It is not clear how many of the employees abducted by the invaders have since been released, but it has been reported that those who are freed are silent about what they endured.  Although the abductions began long before the recent moves aimed at getting a team of inspectors from the International Atomic Energy Agency [IAEA], media reports, citing employees, suggest that the latter are being pressured and even tortured, to prevent them from speaking openly to IAEA inspectors about the dangers at the plant.  One unnamed employee explained that the Ukrainian personnel were being seized and flung into basements.  They return, after such ‘conversations’, the source said, unwilling to say anything at all, though may later, during the visit, suddenly begin saying what they have been forced to say.  Without clear guarantees of total anonymity and safety, it is hardly surprising that personnel would fear for their own lives, and those of their families.

On all Ukrainian territory temporarily under Russian occupation, the invaders abduct and torture Ukrainians.  The Eastern Human Rights Group reported on 25 August that they had learned of dozens of new abductions.  The NGO say that the Russians use underground bunkers at the Zaporizhzhia nuclear power plant to hold, interrogate and torture abducted residents of Enerhodar.  They target activists; volunteers; local businesspeople and, essentially, any residents who openly do not support the invaders.  The group’s sources from among the local population mention various forms of torture, including electric shocks; asphyxiation (with the use of plastic bags) and having chlorine poured under the victims’ feet in a closed cell.  Their sources speak of minibuses having taken the bodies of tortured victims away in bags,

On 26 August, the human rights defenders informed that they had received further information.  They suggest that the torture chambers set up in the underground bunkers of the plant are controlled by the notorious Wagner Unit mercenaries, and that the effective prison they have created is also used as a so-called ‘filtration camp’.

Typically, in most cases (except those of pro-Ukrainian activists and volunteers), the only way out of this dungeon is through paying a ransom.  One of their sources is a person, whom they call Pavel, who was earlier an employee of the nuclear power plant.  He managed to get out from the Russian captivity and to reach Ukrainian-controlled territory.  He says that entire families of people who openly support Ukraine are seized and that he was told by the Russians that the FSB allow them to use any form of torture, since they can expect to be tried at the Hague in any case, if Russia loses the war.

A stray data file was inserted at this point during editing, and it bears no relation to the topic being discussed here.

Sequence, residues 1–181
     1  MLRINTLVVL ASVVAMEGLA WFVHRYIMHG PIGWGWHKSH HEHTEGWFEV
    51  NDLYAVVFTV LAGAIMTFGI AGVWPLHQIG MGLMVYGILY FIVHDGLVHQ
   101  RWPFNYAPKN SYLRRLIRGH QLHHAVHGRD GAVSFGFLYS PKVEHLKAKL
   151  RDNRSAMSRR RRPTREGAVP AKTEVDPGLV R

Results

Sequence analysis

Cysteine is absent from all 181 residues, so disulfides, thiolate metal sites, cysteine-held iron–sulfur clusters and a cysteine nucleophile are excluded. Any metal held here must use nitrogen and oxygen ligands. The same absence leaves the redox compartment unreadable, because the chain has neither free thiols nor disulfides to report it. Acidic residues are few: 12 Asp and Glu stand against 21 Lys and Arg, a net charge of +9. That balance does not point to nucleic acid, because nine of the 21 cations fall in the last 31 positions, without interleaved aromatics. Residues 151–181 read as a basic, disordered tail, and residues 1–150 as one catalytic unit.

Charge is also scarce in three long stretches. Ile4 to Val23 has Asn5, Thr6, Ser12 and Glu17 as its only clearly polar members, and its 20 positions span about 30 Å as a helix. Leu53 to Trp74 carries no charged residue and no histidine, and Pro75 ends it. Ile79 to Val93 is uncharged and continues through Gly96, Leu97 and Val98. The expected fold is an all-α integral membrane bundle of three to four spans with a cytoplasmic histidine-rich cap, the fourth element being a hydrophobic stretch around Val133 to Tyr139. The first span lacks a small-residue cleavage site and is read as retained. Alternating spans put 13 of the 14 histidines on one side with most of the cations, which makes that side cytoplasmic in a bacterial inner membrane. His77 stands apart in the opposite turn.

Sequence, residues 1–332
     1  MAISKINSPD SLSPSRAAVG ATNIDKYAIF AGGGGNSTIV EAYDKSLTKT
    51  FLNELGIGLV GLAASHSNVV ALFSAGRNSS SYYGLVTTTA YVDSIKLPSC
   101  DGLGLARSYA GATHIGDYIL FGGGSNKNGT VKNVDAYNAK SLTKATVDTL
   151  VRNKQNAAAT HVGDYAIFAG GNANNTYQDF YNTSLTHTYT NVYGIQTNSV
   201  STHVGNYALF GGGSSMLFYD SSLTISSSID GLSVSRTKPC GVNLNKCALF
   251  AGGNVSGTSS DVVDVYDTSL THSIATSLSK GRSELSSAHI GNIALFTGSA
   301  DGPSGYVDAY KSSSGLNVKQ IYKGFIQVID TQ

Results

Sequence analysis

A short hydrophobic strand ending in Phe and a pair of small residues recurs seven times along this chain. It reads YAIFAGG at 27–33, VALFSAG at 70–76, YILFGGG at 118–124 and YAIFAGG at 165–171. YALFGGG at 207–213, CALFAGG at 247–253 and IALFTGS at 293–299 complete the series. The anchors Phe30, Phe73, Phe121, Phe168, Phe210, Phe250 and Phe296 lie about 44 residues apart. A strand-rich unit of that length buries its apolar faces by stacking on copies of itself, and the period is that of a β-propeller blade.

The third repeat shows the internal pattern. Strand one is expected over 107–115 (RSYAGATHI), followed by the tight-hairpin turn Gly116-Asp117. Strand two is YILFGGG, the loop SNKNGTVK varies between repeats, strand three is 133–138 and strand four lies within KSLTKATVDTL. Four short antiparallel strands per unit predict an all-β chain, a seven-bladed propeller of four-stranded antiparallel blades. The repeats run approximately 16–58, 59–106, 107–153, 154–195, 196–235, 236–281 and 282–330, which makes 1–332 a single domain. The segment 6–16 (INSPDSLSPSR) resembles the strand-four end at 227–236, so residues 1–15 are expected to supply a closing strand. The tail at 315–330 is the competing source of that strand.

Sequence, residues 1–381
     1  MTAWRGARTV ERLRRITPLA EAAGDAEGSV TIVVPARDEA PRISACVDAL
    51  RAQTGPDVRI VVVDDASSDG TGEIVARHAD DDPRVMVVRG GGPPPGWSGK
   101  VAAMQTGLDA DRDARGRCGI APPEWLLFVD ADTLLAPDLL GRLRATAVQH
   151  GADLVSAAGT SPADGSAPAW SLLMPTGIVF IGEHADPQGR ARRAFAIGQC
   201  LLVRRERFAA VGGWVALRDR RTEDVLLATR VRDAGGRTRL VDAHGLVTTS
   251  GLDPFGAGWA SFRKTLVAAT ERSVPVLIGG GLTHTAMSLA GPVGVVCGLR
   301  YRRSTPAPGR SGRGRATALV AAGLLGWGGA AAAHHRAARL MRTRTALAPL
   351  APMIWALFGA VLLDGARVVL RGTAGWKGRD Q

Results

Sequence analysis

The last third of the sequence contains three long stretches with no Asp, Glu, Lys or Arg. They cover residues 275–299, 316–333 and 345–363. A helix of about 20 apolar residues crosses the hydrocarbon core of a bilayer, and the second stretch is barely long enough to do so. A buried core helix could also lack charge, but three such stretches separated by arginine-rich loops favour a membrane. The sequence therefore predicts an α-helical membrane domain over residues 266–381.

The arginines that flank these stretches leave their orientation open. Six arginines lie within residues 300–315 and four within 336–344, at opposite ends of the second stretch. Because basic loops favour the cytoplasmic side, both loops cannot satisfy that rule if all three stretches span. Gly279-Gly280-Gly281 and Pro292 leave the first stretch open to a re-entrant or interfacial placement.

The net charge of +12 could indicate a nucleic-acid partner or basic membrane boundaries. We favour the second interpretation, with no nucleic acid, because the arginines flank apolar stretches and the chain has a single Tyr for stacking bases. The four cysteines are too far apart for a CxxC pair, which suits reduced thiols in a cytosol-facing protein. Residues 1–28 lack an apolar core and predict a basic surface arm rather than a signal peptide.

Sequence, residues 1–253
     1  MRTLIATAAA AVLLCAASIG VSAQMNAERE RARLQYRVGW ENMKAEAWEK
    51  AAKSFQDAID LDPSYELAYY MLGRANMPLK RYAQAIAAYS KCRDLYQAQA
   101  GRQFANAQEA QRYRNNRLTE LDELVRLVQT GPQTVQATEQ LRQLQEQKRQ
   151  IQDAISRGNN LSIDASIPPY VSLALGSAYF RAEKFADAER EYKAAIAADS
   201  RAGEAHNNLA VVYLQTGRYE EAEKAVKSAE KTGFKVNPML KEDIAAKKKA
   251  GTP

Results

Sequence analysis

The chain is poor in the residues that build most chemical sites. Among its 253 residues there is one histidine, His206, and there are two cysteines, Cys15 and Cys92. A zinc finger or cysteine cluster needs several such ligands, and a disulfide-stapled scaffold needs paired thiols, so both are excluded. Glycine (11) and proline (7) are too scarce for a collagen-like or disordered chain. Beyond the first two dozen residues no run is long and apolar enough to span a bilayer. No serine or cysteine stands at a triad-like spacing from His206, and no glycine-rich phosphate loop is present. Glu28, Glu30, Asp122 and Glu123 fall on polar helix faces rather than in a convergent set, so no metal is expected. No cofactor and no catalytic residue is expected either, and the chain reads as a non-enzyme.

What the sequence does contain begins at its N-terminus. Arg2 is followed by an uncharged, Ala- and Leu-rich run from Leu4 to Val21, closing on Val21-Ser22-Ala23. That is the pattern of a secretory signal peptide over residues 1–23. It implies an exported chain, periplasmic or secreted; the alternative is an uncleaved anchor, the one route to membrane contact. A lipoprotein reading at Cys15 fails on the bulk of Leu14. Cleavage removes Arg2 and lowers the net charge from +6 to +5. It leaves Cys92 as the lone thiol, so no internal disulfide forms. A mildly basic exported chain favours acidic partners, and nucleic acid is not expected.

Pavel asserts also that the most savage of the Wagner mercenaries at the nuclear plant were the ‘kadyrovtsi’ (the Chechen fighters linked with Kremlin-installed Chechnya leader Ramzan Kadyrov) and Syrians. He claims that, having heard that there was a young woman with the Russian-sounding name Masha, these mercenaries had seized her and raped her for many hours.  The claim was that she had “betrayed” her allegedly Russian name by “linking up with Ukrainians”.  They threatened the young woman that they would “punish” her relatives in occupied Melitopol if she told anybody about their treatment of her.

This, and the additional form of torture, namely threats to throw people into the nuclear reactors, are unlikely to be seen by the UN nuclear watchdog’s inspectors, the human rights group believes.  Even if IAEA is allowed into the power plant, they will certainly not be given access to all of it. 

There have already been such meaningless visits, for example, by the International Committee of the Red Cross to the Olenivka prison where Russia is holding a huge number of Ukrainian prisoners of war and civilian hostages.  It remains to be seen how any IAEA inspection is carried out, but there seem equally compelling reasons for doubting that Russia will allow such a visit unless it can conceal the danger to which it is exposing Ukraine, Europe and beyond through its criminal use of the plant as a military base and prison.